This year, the competition once again required students to assume many different roles throughout the rounds, to include the role of legal advisors providing advice to governmental leaders about the legality of a military raid; the role of ICRC legal advisors briefing defense leaders operating a detention facility on the basic legal requirements for treatment of detainees; the role of legal advisors to military commanders considering a military strike that may result in civilian casualties; and the role of representatives of various humanitarian organizations briefing the deputy of a governmental human rights office on potential war crimes.
The semi-finals pitted American University’s Washington College of Law vs. a team of cadets from the Air Force Academy, and a team from UCLA matched up vs. Santa Clara, in an International Court of Justice proceeding. In the final round, where the Air Force Academy edged Santa Clara, the finalists and judges engaged in a spirited academic discussion regarding a notional, predictive targeting algorithm.
The Clara Barton Competition is a collegial event, and participants are encouraged to get to know the students on other teams, judges, and committee members throughout the weekend. By participating in the CBC, participants take a step toward joining the community of professionals tasked with promoting the laws of armed conflict. This year the participants were treated to a social networking evening at the beautiful American Red Cross Headquarters, where they were able to meet with current international humanitarian law practitioners in the Washington, DC area.
The Clara Barton Competition is open to students currently pursuing Juris Doctor (J.D.), Bachelor of Laws (LL.B.) or Master of Laws (LL.M.) degrees at law schools, as well as military academy students, from across North, Central, and South America. Teams are composed of three individuals representing a single institution, and participants are eligible to compete in only one edition of the Clara Barton Competition.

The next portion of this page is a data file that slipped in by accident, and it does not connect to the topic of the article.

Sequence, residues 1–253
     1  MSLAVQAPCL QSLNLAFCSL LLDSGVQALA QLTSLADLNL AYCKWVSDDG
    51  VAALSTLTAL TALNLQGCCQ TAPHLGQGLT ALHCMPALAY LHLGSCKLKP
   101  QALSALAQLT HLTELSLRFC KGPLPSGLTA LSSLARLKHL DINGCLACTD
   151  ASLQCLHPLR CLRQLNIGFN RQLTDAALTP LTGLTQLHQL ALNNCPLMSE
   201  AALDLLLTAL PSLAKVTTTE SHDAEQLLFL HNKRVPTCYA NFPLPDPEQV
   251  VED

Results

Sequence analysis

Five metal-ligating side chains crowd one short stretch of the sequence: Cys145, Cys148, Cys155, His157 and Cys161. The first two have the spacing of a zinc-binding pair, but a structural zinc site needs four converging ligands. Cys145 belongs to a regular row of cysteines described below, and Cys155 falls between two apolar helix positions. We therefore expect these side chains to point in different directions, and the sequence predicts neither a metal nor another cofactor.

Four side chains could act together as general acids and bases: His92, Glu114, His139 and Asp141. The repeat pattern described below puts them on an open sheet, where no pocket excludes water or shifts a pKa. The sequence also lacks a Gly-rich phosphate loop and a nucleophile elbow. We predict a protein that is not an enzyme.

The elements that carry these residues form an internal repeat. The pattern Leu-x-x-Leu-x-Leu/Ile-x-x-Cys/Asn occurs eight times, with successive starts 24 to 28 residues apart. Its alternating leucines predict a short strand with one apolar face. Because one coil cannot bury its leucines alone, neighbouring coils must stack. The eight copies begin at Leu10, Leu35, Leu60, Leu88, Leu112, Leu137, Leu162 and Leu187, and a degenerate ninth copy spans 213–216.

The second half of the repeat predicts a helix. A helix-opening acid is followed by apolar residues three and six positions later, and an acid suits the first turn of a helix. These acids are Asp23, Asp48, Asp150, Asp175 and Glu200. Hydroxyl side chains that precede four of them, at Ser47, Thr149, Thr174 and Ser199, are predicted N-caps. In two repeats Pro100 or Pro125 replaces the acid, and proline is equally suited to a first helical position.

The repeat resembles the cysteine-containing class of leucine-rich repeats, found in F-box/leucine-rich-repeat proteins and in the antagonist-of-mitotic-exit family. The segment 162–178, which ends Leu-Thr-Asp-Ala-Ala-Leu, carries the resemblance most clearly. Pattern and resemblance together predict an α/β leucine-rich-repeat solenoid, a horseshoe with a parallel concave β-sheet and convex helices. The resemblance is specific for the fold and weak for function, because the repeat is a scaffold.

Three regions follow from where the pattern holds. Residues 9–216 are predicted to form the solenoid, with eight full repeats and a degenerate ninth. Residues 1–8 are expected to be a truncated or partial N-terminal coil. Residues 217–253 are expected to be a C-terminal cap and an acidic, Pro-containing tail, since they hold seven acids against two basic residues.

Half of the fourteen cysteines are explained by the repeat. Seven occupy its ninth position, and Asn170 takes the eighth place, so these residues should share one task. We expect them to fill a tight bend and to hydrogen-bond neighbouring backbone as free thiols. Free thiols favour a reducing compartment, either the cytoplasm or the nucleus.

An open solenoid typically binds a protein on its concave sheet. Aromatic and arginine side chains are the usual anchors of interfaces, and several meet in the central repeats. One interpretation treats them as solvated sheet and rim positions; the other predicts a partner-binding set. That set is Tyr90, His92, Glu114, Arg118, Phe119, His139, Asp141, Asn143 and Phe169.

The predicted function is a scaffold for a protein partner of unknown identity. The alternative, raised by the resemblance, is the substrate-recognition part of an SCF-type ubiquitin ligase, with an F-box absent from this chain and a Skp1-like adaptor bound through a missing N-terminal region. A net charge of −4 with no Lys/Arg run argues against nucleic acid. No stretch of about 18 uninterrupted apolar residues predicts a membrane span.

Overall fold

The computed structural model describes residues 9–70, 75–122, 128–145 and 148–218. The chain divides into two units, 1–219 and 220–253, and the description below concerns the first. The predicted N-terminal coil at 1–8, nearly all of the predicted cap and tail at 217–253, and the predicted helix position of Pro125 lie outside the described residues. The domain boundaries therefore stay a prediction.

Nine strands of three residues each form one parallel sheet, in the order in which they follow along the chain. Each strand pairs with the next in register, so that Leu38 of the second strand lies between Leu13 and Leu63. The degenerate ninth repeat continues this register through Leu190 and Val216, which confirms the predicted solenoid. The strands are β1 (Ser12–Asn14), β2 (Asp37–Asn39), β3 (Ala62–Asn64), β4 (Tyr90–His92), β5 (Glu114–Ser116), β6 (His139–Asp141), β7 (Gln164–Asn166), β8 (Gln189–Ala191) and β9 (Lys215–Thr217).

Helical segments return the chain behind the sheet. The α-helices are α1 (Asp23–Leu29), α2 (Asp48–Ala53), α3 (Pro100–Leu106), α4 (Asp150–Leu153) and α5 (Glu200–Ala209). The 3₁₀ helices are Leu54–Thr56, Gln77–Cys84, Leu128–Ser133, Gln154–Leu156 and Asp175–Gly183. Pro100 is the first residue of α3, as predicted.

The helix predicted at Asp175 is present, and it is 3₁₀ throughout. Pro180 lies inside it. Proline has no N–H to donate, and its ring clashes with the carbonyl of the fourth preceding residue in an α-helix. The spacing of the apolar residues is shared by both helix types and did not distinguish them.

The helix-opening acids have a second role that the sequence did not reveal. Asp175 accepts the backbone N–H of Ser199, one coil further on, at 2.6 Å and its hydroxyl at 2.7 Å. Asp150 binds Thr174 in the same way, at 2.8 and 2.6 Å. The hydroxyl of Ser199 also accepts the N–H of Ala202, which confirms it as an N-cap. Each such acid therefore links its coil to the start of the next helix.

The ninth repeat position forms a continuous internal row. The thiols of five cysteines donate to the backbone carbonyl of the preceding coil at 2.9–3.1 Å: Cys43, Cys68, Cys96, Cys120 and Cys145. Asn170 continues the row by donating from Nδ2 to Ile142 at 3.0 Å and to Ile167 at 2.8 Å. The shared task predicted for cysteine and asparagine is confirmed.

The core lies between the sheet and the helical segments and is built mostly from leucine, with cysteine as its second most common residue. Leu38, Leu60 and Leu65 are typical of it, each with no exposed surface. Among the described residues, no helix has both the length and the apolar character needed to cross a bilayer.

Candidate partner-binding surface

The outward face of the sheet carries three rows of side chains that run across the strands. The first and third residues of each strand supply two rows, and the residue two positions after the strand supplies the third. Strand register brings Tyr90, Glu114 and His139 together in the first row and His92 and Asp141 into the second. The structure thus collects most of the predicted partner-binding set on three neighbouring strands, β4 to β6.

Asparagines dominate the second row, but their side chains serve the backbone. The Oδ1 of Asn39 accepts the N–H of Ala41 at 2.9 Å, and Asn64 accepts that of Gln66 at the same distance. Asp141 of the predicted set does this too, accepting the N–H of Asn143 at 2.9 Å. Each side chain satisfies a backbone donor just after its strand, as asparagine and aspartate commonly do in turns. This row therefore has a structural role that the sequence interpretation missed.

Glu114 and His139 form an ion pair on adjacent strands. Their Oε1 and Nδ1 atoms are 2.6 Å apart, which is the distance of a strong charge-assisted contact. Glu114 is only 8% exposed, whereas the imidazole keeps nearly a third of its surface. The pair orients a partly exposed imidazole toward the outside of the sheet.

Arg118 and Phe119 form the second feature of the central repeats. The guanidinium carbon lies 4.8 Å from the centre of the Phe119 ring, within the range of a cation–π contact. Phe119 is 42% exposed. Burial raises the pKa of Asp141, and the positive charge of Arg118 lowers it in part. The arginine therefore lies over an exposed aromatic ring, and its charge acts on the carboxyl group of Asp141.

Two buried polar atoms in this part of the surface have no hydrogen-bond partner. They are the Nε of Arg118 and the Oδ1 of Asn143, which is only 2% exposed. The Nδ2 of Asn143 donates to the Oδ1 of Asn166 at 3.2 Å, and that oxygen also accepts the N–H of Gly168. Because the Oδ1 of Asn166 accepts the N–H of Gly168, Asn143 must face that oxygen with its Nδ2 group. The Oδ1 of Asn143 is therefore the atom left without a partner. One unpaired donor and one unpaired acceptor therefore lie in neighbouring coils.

Testimonials from students this year:
"Participating in the Clara Barton was an amazing experience. They really mean it when they say the take the law out of the books. I’ve discussed these issues in my classes, but it was a completely different (and incredibly valuable) experience to present, debate, and discuss these issues in real-world settings. I learned so much – not just from my own preparation, but from the other teams, judges, coaches, and speakers. If you’re considering participating in the Clara Barton – do it!"
- Carly Nuttall, American University Washington College of Law
"It was an absolute honor to represent my school at the Clara Barton Competition. I had an incredible experience and learned so much from my peers during the weekend.”
-Ashlynn Kendzior, University of Minnesota School of Law
The 6th Annual Clara Barton Competition will likely be held in Washington, DC, March 8-10, 2019. Application information will be announced early this fall. If you or your school are interested in competing in 2019, please send any questions to firstname.lastname@example.org